Top Line (1988)

Top Line

I first learned about Top Line from the cover of a poorly kept VHS I picked up in a flea market in Florida for $1… possibly a deal of 3 VHS movies for $1. I was quite frustrated to find the VHS did not work and the search was on to find a decent copy. Years went by without a whisper, however, I lapped up any information I could find. The idea of a Indiana Jones-esq adventure with Franco Nero was impossible not to get excited about. From time to time little mentions would popup in retrospectives and Youtube videos but the film was was pretty inaccessible.

With only excellent poster art to fuel my search I was elated to see Amazon Prime drop a copy of Top Line some time back, however, it was a pretty murky copy. Soon after a Blu-ray was announced by Cauldron and my excitement peaked. Top Line is a pretty interesting exercise in increasing silliness. I would guess, for the most part, the average audience member will be turning this off before they got half way through and it pains me to say that the movie does not get any better as it trundles along, this isn’t an obscure gem… but there are moments to enjoy.

Nero plays Angelo, a washed out writer who is struggling and has hit the bottle. His ex-wife and publisher cuts him off forcing him to find a new source of income. Picking up some trinkets and an ancient diary from his girlfriend’s brother Angelo enlists a pal to attempt to find a buyer on the black market, only for his friend to wind up dead. This throws Angelo into an adventure to find out why these treasures are so dangerous.

The opening of the movie is at a breakneck pace. There is a lot to set up and get going, characters to introduce and a world to establish. It’s pretty effective at doing this, if a little reckless. The film cuts from the scene of Nero discussing the black market with his friend to Nero standing over his friend’s dead body without even a transition, wipe or fade. However, the drunken trunk chase and the Alien Terminator finale go on and on.

The good? Well, Nero is perfectly engaging as our hero. Despite how silly things get, Nero stays on point. He is fun and throws himself into the action. Deborah Moore, credited here as Deborah Barrymore, also gives a decent performance as an attractive history student who helps Angelo. The ever reliable George Kennedy hams it up in a glorified cameo driving a great looking Gran Torino. Mary Stavin is the ex-wife and her transition into a gooey alien doesn’t challenge An American Werewolf in London’s creature effects, however, it isn’t too bad either.

The bad… there is a lot. The film is easily front loaded. It’s hard to believe that the impressive galleon set is in the same film as the atrocious Alien Terminator that appears during the climax. In fact, the film’s lacklustre climax questions if the production ran out of money and required a hasty rewrite. Stavin’s alien creature, whilst imaginatively constructed, is poorly puppeteered and it’s lengthy dialogue sequences is dreadfully unconvincing.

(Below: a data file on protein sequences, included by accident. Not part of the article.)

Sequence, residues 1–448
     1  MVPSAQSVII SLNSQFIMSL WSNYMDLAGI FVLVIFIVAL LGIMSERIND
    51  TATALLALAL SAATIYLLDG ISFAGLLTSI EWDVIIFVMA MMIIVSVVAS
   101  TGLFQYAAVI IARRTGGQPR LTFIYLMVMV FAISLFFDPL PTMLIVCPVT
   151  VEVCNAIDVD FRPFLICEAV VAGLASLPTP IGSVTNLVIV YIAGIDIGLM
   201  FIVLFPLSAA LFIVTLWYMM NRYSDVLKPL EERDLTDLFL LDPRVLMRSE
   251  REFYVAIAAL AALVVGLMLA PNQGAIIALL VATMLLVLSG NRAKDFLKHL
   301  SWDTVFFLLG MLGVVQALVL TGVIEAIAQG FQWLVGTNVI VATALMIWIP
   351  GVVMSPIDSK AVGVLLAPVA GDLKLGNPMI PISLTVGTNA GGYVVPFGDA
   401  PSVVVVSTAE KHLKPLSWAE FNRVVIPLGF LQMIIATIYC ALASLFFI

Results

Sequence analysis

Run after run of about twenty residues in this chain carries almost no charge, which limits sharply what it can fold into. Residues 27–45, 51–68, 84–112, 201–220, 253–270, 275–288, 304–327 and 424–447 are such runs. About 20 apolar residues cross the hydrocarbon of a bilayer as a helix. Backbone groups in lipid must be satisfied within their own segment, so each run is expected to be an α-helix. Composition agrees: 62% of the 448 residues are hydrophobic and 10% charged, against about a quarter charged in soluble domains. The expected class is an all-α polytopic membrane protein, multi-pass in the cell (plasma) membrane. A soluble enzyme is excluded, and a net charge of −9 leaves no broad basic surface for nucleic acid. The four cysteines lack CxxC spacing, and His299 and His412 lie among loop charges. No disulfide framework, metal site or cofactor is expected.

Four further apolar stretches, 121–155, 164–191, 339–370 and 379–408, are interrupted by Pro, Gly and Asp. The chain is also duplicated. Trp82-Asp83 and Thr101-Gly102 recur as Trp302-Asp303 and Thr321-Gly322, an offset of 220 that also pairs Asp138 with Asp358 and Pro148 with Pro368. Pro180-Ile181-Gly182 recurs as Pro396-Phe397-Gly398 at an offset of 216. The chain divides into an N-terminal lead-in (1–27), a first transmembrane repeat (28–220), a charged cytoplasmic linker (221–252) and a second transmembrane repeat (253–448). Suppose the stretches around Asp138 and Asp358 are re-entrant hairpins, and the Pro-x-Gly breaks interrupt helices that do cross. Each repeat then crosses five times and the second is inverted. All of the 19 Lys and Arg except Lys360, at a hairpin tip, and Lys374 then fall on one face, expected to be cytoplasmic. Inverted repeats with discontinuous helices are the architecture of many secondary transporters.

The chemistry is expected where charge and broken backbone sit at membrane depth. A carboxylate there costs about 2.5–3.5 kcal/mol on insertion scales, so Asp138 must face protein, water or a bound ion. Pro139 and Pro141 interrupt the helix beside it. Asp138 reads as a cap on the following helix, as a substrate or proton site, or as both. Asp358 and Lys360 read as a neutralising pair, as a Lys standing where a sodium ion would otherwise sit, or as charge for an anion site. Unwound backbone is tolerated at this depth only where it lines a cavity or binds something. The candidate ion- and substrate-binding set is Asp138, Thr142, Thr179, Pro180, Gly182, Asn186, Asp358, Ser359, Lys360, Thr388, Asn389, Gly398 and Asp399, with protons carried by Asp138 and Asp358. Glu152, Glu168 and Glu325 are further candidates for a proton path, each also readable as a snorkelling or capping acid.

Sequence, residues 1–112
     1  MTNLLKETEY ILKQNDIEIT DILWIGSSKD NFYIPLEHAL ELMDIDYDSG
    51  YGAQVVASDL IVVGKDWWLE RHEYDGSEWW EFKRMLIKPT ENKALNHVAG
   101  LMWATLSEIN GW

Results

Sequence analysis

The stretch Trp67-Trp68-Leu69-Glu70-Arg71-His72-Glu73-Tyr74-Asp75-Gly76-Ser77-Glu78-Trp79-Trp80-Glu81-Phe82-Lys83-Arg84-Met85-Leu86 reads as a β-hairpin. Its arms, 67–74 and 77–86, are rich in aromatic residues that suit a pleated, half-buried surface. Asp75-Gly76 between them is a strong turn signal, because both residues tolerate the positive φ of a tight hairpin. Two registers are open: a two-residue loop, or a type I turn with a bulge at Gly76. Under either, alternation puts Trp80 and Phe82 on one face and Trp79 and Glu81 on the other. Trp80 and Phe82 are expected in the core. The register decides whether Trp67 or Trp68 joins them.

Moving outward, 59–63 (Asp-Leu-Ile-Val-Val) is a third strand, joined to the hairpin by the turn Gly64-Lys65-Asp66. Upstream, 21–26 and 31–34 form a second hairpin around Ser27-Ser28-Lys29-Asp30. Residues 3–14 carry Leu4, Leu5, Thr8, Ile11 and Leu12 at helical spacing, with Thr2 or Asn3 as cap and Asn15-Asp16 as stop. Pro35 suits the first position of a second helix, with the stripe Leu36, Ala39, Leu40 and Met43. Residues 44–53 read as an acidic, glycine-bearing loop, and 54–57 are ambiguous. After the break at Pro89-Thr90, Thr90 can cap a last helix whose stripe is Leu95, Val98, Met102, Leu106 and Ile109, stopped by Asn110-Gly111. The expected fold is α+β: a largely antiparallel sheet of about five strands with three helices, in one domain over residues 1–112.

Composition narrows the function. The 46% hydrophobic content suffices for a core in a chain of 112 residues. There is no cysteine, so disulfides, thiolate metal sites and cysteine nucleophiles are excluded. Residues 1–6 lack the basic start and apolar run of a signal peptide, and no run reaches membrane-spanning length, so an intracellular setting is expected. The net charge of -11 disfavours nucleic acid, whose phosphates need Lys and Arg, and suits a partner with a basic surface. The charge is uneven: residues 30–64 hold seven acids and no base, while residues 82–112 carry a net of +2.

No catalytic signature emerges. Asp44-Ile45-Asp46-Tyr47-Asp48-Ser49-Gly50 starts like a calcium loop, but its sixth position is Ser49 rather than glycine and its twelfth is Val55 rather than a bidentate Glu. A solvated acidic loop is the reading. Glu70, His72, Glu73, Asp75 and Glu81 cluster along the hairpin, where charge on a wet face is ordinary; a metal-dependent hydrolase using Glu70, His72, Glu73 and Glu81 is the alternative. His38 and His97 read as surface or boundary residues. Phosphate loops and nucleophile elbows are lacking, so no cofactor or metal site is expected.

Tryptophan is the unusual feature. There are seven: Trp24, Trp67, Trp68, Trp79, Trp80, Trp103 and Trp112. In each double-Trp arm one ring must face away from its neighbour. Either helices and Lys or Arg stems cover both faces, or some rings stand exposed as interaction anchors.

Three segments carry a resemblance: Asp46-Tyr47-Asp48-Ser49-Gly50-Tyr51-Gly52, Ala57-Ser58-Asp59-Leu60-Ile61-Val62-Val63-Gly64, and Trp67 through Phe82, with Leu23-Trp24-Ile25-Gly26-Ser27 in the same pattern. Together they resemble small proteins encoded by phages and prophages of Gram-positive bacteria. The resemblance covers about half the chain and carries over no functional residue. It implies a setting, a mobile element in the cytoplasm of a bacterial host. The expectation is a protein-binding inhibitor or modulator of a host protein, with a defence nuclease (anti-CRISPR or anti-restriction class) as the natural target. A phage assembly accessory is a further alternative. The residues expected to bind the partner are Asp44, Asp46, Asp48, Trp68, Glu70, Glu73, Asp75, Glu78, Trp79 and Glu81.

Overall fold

There is a story and Top Line does it’s best to tell it, it’s a convoluted effort that needs a ramble from Nero to put things together in the last few minutes. Moore has a few key scenes to connect things together and spell things out to the audience but the whole idea is more complex than it really needs to be. Top Line might get away with some of it sillier choices if it were a movie directed at kids, but it’s not. There is a bit of nudity at the start and a brief moment at the end when Miss De Havilland removed her dress. Most adults are not going to be impressed by the rest of the film.

Given some pretty competent action sequences early in the film, foot chases around the village, drunken truck chases and a chase through the cactus field, the film’s climatic sequence with the silly Alien Terminator pales in comparison. Whilst it’s still engaging, it would work better as a mid film attention-getter, rather than an exciting finale.

It’s worth mentioning that there are a couple of ingenious moments throughout that the writer need a pat on the back for. The aforementioned cactus fiend chase and a genuinely funny moment when Nero, a man who is always handing out his loose change to kids, is attempting to evade some pursuers in the town is set upon by an ever increasing collection of children wanting his spare change giving away his position.

Top Line is a mess and it’s a great shame as there are some great ideas early on for a spirited adventure before things take a ridiculous sci-fi turn in the last 20 minutes. Top Line really wants to please everyone, mixing Romancing the Stone, Indiana Jones, Terminator and They Live with a dash of Cocoon! It’s a tough film to endure and probably best left in to obscurity unless you are a Nero fan or want to check out Sir Roger Moore’s daughter in something ridiculous.

Original artwork is terrific… it amazes me that other artwork emerges that spoils it. The original artwork is completely inaccurate as to what to expect in the film. The UK Alien Terminator art includes some positive review comments in case there is a any doubt over the films quality… and content! The german release poster is obviously designed by someone who did not watch the movie, and only read the synopsis.

There is a gorgeous blu ray out there that is quite hard to find at a reasonable price.

Older DVD copies crop up from time to time, alongside a recommended duo set with Day of the Cobra (1980), another fun Nero outing.


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